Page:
Thanks Mark. If it really is a Natal Hingeback, I would be quite upset because it is listed as Vulnerable :(
  8. Markw84

    Markw84 Well-Known Member 5 Year Member Platinum Tortoise Club

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    sorry forgot the other question you had. It is quite young. Definately looks captive raised and probably about 2 years, maybe 3 years old. Just starting to develop the hinge.

    Although "vulnerable" that is actually a pretty "less threatened" category as listing goes. Its only the second level (category) of listing. They are still pretty common.

    I think the listing goes:
    least concern
    vulnerable
    near threatened
    threatened
    endangered
    critically endangered
    extinct in wild
    extinct
  9. dovijoel

    dovijoel New Member

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    Thanks for the more detailed response! Can you tell me what are its identifying features to categorise it as Natal Hingeback and captive raised?

    Also, would the care sheet for Kinixys Belliana Nogueyi be OK for the Kinixys natalensis?
  10. Markw84

    Markw84 Well-Known Member 5 Year Member Platinum Tortoise Club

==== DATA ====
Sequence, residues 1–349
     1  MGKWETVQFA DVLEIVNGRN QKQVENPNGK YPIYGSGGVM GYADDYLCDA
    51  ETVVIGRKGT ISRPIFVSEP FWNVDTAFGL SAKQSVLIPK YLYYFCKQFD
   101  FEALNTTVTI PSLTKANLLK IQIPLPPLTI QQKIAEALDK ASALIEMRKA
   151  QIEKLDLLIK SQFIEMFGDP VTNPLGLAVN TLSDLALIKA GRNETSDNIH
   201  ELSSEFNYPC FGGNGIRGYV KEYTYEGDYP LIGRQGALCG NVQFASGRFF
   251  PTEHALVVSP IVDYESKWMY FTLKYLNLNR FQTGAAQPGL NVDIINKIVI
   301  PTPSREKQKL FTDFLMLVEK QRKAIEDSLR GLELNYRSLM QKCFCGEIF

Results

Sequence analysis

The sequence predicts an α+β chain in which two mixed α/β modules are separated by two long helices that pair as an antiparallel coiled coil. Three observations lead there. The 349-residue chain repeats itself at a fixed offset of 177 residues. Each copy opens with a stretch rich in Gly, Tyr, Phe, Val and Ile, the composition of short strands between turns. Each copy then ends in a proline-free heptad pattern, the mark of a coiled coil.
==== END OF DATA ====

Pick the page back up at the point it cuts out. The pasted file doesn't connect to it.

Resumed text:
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    Hingebacks have a very distinctive "look" if you are familiar with looking at thousands of tortoises! The patter they develop as young tortoises have a very squared look. The squares of the marginals is unique in the K natalensis. A Chersina angulata has a much taller and triangular pattern of the marginals that is also distinctive for angulates. Kinixys also have a flatter overall shape and most species have flared marginals you won't see in Chersina.

    The starting scute "aerolae" of Kinixys is pretty large in comparison to most tortoises. The scale of that to the new growth gives an indication of how much size it has developed. Your tortoise has aerolae that are still the major part of the whole scute. the growth seams are relatively smaller. ON the plastron you can really see the difference and dramatic delineation of the first year's growth seam. Since the growth seams and overall shell conditions is so relatively pristine, it certainly would indicate a captive raised individual. Also the coloration of the new growth seams come in dark and give it that defined border to each scute. In the wild, in natural sunlight that lightens and becomes less defined. This tortoise has a very striking and defined pattern that shows no wear or sun baking!